Although email data can come in many formats, the format we see in eDiscovery projects most often at D4 are PST and MSG files from Microsoft Outlook. With Microsoft Outlook being a fairly standard application that almost everyone has access to, legal teams have a tendency to do “quick reviews” of email data in Outlook, especially when the volume of data received is small and needs to be produced quickly.
What does the “quick review” approach involve? Typically it involves an individual (who is not the original custodian) opening and reviewing source PST or MSG files using internal, or generic external, Microsoft Exchange accounts.
Some law firms have eDiscovery protocols and IT policies in place to prevent this from happening. For those that don’t have the technical resources, or believe that there is nothing wrong with reviewing source emails in Microsoft Outlook, here are nine crucial reasons why you shouldn’t use Outlook as a review tool.
1. Inadequate Litigation Review Functionality for a Defensible eDiscovery Process and Workflow
You cannot work with email data in Outlook in the same way that you can with products like Access Data FTK, Relativity, Ipro, Concordance, Summation Pro, etc. By reviewing emails directly in Outlook, legal teams are bypassing key steps in the eDiscovery process.
2. Savvy Opposing Counsel May Question Collection and Review Protocols
The number of lawyers with eDiscovery experience has significantly increased over the last few years, and opposing parties are beginning to challenge protocols. Additionally, courts are starting to pay considerably more attention to how the eDiscovery process is handled by attorneys and their clients. Therefore, it should not be surprising that “Emails were reviewed in Microsoft Outlook.” is not a good enough response when asked how review was performed.
3. Email Accounts Used to Review Source Data Always Belong to Someone
If eDiscovery protocols are questioned, counsel will most likely not want to disclose that the emails were accessed outside of the rightful owner’s / custodian’s account.
4. May Compromise Integrity of Metadata
Metadata is likely to reflect the account owner’s personal information, or the basic information of the law firm or corporation, instead of the rightful owner’s / custodian’s account information.
5. Information from the Outlook Account Used to Review Emails May be Displayed
When printing messages to PDF files or paper, the account owner’s name typically appears in the top right corner of the email header section. Please note that reducing this to a font size that isn’t visible to the human eye is not a proper—or defensible—eDiscovery solution.
6. Data Corruption and Spoliation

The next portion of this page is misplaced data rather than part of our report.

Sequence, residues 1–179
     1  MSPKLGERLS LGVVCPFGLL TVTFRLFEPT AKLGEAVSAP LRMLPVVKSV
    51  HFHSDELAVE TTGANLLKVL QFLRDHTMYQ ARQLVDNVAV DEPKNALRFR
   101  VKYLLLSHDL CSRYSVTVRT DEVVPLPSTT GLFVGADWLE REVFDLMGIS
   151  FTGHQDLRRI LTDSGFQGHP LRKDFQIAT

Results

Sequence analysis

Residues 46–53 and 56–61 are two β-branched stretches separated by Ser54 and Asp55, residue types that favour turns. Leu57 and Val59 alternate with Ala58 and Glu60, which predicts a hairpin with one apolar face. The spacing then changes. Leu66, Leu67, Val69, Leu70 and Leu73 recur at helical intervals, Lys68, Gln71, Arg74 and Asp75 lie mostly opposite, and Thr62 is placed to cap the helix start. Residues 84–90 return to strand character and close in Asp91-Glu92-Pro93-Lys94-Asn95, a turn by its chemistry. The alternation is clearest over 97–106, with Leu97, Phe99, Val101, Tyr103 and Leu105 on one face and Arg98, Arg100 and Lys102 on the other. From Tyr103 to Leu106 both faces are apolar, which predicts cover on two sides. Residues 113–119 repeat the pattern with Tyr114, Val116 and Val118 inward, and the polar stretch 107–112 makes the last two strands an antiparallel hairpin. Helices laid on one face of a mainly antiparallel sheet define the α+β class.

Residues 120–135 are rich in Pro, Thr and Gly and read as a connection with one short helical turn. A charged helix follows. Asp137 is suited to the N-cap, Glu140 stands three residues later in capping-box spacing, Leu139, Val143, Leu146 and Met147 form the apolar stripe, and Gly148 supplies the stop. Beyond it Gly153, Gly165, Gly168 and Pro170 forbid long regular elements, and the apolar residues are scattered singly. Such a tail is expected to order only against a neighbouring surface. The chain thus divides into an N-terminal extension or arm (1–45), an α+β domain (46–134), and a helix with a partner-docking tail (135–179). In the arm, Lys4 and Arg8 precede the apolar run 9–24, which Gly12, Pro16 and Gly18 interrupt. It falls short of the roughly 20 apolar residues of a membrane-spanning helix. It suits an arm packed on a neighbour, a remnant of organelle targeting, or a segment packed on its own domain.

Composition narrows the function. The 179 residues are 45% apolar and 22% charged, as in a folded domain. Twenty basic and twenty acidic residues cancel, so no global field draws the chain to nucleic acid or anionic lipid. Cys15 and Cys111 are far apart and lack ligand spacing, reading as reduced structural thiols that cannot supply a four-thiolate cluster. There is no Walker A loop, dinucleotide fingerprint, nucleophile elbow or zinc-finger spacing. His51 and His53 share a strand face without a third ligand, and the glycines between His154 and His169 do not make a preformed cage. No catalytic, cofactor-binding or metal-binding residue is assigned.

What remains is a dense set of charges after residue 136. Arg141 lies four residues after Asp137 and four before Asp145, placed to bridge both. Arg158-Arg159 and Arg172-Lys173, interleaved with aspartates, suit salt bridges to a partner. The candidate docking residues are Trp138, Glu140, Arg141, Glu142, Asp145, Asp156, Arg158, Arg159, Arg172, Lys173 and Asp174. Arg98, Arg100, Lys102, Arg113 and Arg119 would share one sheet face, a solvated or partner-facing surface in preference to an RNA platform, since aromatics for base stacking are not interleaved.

There are a number of actions which, if taken while someone is reviewing emails in Outlook, could result in data corruption, such as broken or corrupt family relationships, missing attachments and/or lost source information. Some of these actions include; moving emails to different folders, renaming or deleting folders or emails, accidentally forwarding or sending emails from a live email account, creating new versions of emails by exporting and removing attachments, etc.
7. May Result in Failure to Produce Email as It Was Maintained in the Ordinary Course of Business
FRCP states the following:
34(b)(2)(E) Producing the Documents or Electronically Stored Information ….
(i) A party must produce documents as they are kept in the usual course of business or must organize and label them to correspond to the categories in the request; (emphasis added)
(ii) If a request does not specify a form for producing electronically stored information, a party must produce it in a form or forms in which it is ordinarily maintained or in a reasonably usable form or forms (emphasis added).
Emails that have been reviewed in a Microsoft Exchange Outlook account outside of the rightful owner’s / custodian’s account could prevent legal teams from producing email as it was maintained in the ordinary course of business.
8. Additional Costs Incurred to Re-Collect and Re-Produce Data
If opposing counsel identifies issues with email data in a production, you may be required to redo the collection, processing, review and/or production steps, which will incur unnecessary, additional costs.
9. Outlook is Not a Review Tool.
Outlook is not a litigation review tool and most often, is the equivalent of linear review without the protection of a defensible workflow. By using Outlook instead of industry standard review platforms, legal teams miss out on utilizing analytics and the advanced technologies that identifies key relationships and conversations.
Legal teams and corporations can choose to take shortcuts with email data in an attempt to expedite the process and save money; however, they do so at their own risk. Best practice is to send all email data, regardless of volume, through the same repeatable and defensible process so that eDiscovery protocols don’t supersede the actual issues of a case.